Ricky, a carer from west London, had been involved in the environmental movement for some time when Extinction Rebellion came along. “It felt fresh and new and creative,” he says. “So many people picked up on the urgency that we’d been talking about.” At first, the police seemed taken by surprise by the confidence of the protesters, which helped the movement to take up space in London and get off the ground. As Ricky says: “The dial moved.”

From 2016 to the end of 2019, polls show that climate change jumped from being seen as the 13th to the second most important issue facing the country. Those who were very worried about climate change doubled. Ricky also points to changes in rhetoric in the corridors of power. “You felt the shift everywhere. You saw local councils and parliament declaring a climate emergency.”

This shift wasn’t just down to Extinction Rebellion, which has always been part of a wider movement, and was never a perfect organisation. XR could be problematic in all sorts of ways, particularly in its startling inability to diversify its leadership or membership. But it bubbled with undeniable energy alongside other international groups including Fridays for Future, and other local protests, including against HS2. As more scientific evidence came in, more unprecedented weather events were experienced, and more broadcasters and writers explained what we were facing, more and more people were joining together to demand change. It felt like an unstoppable wave. And then what happened?

“It stopped,” Ricky says. “The pandemic hit. We went home. What we thought we’d achieved turned out to be greenwashing. Yes, parliament declared a climate emergency. But it took no action.”
More aggressive policing had already been seen as the protests really got under way, including an attempt on a blanket ban on demonstrations in London through a section 14 order in October 2019. Then, during the pandemic, police were given new powers to stop public gatherings. Those climate protests that did take place during 2020 and 2021 were more muted and tentative. The energy on the streets shifted to more diverse protests around racial justice and violence against women, which were often severely restricted by police. As Britain opened up again, environmental protesters found themselves in a much more confrontational situation with the police, the courts and the government.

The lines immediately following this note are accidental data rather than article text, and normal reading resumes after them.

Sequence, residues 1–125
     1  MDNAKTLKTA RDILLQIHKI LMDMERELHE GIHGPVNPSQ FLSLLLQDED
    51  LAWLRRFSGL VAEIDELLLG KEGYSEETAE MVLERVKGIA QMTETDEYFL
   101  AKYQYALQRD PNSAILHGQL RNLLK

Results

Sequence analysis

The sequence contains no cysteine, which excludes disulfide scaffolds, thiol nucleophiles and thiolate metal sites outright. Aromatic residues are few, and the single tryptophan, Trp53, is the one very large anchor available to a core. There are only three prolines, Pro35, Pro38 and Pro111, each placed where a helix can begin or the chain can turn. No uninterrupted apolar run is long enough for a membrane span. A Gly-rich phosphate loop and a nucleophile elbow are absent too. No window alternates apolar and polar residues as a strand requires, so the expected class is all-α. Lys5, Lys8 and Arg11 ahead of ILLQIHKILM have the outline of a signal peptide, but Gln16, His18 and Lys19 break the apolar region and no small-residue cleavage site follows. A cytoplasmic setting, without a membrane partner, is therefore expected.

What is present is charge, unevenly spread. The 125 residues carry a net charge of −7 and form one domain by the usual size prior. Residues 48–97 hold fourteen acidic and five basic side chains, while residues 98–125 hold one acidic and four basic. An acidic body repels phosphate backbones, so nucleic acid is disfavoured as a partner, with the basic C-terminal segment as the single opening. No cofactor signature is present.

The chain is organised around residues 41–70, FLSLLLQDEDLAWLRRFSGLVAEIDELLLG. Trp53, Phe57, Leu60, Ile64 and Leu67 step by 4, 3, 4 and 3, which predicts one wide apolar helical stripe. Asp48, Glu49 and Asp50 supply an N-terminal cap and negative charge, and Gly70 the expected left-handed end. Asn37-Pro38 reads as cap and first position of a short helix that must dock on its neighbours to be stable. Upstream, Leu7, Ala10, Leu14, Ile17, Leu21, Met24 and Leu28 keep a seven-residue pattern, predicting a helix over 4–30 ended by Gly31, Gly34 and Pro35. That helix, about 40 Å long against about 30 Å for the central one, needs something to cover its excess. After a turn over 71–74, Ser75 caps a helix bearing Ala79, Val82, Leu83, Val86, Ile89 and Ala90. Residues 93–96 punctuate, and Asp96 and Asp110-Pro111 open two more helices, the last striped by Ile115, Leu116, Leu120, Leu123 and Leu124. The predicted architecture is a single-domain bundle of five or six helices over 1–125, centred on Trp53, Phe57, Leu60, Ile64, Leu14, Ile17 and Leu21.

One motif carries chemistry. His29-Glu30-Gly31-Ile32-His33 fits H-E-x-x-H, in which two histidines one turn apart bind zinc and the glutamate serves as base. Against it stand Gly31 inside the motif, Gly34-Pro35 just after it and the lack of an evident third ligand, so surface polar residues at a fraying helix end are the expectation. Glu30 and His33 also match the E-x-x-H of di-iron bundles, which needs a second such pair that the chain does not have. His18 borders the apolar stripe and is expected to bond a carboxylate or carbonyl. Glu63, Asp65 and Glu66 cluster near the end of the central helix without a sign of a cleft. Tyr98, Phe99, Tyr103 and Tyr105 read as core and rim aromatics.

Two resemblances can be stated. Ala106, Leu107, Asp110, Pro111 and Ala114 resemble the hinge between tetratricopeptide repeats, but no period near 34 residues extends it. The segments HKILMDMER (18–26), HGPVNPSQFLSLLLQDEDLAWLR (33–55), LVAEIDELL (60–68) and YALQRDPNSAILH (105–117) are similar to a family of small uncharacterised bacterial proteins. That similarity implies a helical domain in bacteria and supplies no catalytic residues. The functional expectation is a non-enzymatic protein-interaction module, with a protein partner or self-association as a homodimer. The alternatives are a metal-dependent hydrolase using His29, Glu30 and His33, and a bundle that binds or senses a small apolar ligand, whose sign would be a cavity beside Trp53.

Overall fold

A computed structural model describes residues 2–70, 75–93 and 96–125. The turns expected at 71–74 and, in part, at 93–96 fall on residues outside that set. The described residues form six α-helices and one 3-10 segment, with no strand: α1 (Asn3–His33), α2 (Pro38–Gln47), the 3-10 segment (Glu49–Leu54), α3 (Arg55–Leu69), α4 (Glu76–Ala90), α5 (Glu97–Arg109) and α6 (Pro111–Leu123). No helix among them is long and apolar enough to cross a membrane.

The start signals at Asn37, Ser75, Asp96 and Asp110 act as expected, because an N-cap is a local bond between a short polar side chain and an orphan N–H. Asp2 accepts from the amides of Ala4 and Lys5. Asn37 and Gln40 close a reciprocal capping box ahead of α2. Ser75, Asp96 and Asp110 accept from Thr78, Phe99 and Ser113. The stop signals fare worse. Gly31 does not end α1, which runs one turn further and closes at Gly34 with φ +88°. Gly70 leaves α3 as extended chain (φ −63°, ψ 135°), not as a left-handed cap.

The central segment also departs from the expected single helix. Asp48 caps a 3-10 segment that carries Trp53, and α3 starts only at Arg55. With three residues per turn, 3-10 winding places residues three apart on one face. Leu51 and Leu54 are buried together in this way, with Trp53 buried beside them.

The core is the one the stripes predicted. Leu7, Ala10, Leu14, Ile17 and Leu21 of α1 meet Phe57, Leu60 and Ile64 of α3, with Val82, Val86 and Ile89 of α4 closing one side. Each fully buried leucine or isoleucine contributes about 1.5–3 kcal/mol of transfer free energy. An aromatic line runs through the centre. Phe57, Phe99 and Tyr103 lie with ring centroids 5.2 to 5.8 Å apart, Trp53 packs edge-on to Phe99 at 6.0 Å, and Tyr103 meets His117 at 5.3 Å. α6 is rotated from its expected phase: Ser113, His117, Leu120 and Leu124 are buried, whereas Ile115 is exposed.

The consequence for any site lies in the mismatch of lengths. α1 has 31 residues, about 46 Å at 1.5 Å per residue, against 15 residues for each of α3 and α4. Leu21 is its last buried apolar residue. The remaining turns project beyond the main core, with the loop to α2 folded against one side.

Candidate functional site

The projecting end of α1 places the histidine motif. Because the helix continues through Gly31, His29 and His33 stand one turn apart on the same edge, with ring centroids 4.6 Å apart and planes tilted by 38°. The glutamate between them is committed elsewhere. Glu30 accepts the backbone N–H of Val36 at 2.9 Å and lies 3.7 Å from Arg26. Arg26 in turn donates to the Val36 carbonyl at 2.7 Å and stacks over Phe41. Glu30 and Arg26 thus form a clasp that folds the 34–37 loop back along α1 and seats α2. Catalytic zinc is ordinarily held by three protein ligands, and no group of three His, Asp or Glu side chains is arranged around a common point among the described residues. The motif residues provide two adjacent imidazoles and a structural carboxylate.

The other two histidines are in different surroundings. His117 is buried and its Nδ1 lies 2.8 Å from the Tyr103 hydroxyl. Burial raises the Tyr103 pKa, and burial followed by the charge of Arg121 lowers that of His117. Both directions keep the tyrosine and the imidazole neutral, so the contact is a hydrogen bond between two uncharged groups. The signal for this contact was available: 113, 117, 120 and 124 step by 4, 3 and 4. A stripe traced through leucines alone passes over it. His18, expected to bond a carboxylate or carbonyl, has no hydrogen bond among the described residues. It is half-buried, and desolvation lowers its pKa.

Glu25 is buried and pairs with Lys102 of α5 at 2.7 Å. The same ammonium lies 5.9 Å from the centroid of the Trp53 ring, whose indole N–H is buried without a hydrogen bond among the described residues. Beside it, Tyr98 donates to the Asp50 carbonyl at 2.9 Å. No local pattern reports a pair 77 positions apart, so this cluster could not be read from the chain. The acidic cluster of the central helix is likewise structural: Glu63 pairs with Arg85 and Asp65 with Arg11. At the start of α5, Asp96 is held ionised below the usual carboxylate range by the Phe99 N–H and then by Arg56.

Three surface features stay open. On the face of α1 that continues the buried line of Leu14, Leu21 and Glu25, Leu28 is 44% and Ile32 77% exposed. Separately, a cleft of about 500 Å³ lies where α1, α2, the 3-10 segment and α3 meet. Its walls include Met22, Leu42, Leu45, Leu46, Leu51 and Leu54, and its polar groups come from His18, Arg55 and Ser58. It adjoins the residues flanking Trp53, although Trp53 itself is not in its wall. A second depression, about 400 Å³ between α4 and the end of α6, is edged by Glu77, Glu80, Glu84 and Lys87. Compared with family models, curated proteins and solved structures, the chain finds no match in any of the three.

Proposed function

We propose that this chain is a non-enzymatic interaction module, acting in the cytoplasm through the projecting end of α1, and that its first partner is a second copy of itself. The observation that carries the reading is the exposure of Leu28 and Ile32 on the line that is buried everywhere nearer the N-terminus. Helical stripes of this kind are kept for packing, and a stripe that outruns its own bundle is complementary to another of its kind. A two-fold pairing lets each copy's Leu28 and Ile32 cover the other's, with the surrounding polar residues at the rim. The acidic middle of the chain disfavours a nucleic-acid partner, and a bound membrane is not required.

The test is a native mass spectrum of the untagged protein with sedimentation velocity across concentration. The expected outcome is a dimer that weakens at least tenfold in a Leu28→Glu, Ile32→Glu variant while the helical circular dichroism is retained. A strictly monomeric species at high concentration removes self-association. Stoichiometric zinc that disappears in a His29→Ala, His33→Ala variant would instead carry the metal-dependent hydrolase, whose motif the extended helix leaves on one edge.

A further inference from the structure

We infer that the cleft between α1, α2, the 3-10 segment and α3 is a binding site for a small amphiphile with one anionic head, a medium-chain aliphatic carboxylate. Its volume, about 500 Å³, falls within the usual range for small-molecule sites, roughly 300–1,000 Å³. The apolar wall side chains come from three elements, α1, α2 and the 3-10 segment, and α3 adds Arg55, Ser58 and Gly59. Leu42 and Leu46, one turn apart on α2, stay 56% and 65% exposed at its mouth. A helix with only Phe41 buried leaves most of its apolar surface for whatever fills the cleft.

Chada dates the beginning of a more punitive response to 2021, when he was representing James Brown, a Paralympian who had climbed on an aeroplane to protest the role of aviation in the climate emergency. Chada was shocked when Brown was not only found guilty of causing public nuisance, but also given a 12-month prison sentence. “That was a watershed moment,” he tells me. “Up until then there was very much a convention that peaceful protesters were not sent to prison. Even before new legislation was passed in 2022, that decision gave the green light that prison sentences were acceptable. We are seeing a new climate now in the courts.”

The move into greater confrontation between protesters and the state has also been driven by activists. “I love Extinction Rebellion,” says Ricky, “but sometimes, going through London banging the drums, you start to feel like a tourist attraction rather than a political movement.” It seemed incomprehensible to protesters eager for change that the government would not even take first steps to reduce our reliance on fossil fuels, such as investment in home insulation or ending new oil and gas licences.